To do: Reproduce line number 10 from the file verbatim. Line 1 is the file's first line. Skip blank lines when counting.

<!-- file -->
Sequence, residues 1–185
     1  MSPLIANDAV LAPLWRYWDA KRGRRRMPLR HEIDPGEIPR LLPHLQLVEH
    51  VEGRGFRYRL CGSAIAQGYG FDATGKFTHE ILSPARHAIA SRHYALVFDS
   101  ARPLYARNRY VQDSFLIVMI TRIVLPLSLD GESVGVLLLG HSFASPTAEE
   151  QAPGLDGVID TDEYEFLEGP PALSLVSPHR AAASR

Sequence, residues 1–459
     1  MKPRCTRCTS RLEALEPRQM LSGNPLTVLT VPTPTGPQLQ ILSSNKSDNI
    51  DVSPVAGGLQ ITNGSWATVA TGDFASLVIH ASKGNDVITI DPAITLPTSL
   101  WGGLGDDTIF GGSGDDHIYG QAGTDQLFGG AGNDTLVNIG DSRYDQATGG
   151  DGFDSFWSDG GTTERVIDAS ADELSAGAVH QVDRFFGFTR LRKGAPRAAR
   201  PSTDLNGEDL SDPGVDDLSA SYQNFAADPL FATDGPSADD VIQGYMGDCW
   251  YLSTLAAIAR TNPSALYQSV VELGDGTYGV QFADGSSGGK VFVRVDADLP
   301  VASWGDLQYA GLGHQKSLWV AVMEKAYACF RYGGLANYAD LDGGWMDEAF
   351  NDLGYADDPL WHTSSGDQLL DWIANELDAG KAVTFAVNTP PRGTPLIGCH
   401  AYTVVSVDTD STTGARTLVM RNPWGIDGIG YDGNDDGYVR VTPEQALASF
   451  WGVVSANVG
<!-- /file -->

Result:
   151  DGFDSFWSDG GTTERVIDAS ADELSAGAVH QVDRFFGFTR LRKGAPRAAR